2. Charles Legg of A1 Towing and Heavy Haul of Twin Falls Idaho passed away Thursday September 12, 2019. Reports are it was due to an aneurysm. He was 59 years of age. Born: Sep 27, 1959 – Died: Sep 12, 2019 Images taken from Charles FB Page: Those that knew Charles are posting condolences to Jared Legg on his FB page at https://www.facebook.com/jared.legg.39?fref=profile_friend_list&hc_location=friends_tab Please feel free to post your condolences here.
  3. Alabama Towing & Recovery Association has released this death notification: We just received word that Mrs. Faye Harrelson, owner of Harrelson Body Shop and Towing passed away today (09/14/2019). Our thoughts and prayers go out to her family. Harrelson Body Shop and Towing has been a staple in the Mobile towing community since 1979. Faye’s husband, R.B. was a pioneer in the wrecker community and an advocate to fairness with the city ordinance and helping to fix it back in the early writings of it.. Mrs. Faye was right beside RB along the way. Keeping him in line.. She is going to be deeply missed.
  4. Motorcyclist killed after crashing into wrecker in NE Houston Houston police said speeding is to blame for the deadly crash. HOUSTON — Houston police said speeding is to blame for a fatal motorcycle accident in northeast Houston Saturday morning. The motorcyclist was driving in the 6800 block of Jensen Drive when they failed to stop and crashed into a wrecker that was pulling a car from a ditch, according to police. The motorcyclist was pronounced dead on scene. RESOURCE LINK
  5. VIDEO PENDING: Photo by: WTFD INDIANAPOLIS — Part of I-465 was closed Friday afternoon near 10th Street after a crane fell off of a tow truck. The Wayne Township Fire Department says the tow truck was traveling on 10th Street when the crane fell off and rolled down an embankment, hitting a vehicle before it landed on I-465. The person inside the vehicle was checked at the scene but did not suffer serious injuries. RESOURCE LINK with video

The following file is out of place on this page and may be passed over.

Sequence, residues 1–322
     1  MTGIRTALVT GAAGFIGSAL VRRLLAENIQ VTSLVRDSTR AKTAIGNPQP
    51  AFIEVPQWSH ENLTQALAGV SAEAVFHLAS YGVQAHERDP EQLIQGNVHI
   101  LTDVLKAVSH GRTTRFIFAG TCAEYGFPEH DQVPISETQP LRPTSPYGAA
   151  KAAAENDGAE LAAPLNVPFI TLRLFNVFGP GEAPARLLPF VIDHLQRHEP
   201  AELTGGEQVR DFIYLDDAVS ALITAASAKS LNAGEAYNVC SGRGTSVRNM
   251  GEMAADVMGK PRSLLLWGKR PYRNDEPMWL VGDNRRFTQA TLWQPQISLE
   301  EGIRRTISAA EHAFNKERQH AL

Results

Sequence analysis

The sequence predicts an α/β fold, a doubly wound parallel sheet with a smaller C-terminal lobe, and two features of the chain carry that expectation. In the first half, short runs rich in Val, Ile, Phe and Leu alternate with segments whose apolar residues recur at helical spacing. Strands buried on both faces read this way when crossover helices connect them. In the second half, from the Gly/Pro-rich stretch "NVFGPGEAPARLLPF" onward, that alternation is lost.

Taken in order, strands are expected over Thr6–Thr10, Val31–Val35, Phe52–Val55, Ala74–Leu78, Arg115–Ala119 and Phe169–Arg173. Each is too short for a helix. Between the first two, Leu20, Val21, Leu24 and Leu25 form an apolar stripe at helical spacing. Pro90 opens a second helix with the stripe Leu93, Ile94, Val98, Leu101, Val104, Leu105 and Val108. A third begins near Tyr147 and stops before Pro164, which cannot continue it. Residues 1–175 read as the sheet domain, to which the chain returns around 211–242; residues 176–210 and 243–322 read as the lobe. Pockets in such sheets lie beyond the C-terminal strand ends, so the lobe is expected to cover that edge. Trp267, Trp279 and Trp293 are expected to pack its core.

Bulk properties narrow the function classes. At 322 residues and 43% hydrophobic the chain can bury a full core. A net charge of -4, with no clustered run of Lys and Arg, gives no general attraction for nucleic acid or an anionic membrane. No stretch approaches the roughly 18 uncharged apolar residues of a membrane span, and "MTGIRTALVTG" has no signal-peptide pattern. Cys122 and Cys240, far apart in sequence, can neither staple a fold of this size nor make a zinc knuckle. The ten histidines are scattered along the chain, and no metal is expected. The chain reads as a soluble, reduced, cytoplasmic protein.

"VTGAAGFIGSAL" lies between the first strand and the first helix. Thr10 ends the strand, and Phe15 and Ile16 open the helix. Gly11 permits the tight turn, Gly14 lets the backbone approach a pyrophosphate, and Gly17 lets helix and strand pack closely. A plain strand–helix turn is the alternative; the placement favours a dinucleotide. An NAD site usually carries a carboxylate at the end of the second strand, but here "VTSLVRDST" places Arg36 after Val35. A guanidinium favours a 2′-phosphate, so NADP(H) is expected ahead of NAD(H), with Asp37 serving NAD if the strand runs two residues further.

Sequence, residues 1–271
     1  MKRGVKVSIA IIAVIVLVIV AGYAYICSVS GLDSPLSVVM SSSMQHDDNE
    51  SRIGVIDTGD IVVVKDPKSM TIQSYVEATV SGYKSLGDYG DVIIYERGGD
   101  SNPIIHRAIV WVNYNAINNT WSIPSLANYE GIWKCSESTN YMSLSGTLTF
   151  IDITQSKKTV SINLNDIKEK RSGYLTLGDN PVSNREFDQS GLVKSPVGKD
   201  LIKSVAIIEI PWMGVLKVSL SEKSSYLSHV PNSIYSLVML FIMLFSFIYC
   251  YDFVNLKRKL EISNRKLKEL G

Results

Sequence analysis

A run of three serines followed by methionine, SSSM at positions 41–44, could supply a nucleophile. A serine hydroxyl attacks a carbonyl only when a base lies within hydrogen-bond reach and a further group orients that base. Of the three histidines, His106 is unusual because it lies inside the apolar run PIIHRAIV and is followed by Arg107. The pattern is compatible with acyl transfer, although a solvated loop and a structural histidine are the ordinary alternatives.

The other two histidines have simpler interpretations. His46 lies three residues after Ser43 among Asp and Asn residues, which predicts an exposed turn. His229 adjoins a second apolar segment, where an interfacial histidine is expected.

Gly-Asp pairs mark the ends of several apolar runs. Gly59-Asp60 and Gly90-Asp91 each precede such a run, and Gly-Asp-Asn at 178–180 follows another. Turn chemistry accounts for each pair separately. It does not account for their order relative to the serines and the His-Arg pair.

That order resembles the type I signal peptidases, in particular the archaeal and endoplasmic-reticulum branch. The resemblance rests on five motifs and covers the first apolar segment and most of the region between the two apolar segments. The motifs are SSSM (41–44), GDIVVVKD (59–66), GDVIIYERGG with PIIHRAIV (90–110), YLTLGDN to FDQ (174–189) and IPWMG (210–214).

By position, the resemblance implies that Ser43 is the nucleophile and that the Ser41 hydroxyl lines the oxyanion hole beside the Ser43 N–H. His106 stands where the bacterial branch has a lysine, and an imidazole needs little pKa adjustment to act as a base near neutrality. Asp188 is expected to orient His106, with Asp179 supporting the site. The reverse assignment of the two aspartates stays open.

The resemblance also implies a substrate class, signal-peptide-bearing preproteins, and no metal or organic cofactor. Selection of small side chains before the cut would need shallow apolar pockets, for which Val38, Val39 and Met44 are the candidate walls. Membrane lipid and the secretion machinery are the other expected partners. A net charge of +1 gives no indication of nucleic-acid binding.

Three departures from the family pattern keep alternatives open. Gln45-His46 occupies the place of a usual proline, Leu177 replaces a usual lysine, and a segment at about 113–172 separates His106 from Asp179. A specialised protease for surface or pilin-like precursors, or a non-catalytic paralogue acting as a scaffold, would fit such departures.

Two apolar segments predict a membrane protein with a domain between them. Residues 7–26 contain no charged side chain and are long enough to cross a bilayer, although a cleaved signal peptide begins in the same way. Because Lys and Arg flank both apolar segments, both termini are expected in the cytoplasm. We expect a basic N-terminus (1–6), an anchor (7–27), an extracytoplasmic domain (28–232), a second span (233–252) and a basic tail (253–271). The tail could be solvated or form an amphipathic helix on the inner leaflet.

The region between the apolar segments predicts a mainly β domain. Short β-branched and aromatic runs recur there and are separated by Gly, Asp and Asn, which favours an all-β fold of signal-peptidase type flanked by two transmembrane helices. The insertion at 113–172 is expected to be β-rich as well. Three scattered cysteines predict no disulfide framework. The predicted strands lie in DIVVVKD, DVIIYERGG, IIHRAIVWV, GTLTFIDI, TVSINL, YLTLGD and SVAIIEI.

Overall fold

6. Caught on camera: Tow truck driver just misses getting hit by SUV RESOURCE LINK with video
  7. Multiple injuries as taxi and heavy-duty tow truck collide on Van Reenen’s Pass Emergency personnel, towing services and RTI officers responded to the scene Numerous occupants in a minibus taxi were injured in a crash on Van Reenen’s Pass on Tuesday (September 10). A heavy-duty tow truck was in the process of ‘recovering’ a truck that was in the ‘arrester bed’ when the taxi crashed into it. Those in the minibus who sustained injuries were treated at the scene before being taken to hospital. Emergency personnel, towing services and RTI officers responded to the scene. The taxi had to be towed away. RESOURCE LINK
  8. LANETT — A passenger bus caught on fire while being towed Tuesday night on Interstate 85 Southbound, according to Lanett Fire Chief Johnny Allen. Allen said nobody was inside of the bus when it caught on fire and the driver of the tow truck was not injured. He said the tow truck did receive some fire damage. The call came to the fire department at about 11:30 p.m. Tuesday. Allen said the bus was fully involved by the time firefighters got on scene and didn’t leave until about 3 a.m. The southbound portion of the interstate was also shut down during that time due to a diesel fuel spill. Allen said the official cause of the fire is undetermined as of Wednesday afternoon, but the suspected cause is that there was friction caused by an unknown source while being towed. Due to the fuel spill, Allen said he contacted the Alabama Department of Transportation, which responded from its Alexander City post to clean up the spill. Allen said he isn’t sure how much fuel was spilled, but he is required to call ALDOT and the Alabama Emergency Management Agency. He said he also called the Chambers County EMA office as well. Chambers County EMA Director Jessica Yeager said she was in contact with ALDOT officials Tuesday night but was told they had it under control. She said she was ready to respond to the scene if needed. “They handled that so well, and they kept me informed,” she said. Allen said there were no injuries to anyone during the incident. RESOURCE LINK
  9. Woman killed in crash with flatbed tow truck on Indy’s east side. INDIANAPOLIS, Ind. – A woman is dead after a crash involving a flatbed tow truck on the east side of Indianapolis. The crash occurred just after 6 a.m. at the intersection of 30th Street and Ritter Avenue. The woman driver had to be cut out of the car, and medics transported her to Eskenazi Hospital. She was later pronounced dead. The intersection will be partially blocked for at least the next hour. We will update this story when we have more information. RESOURCE LINK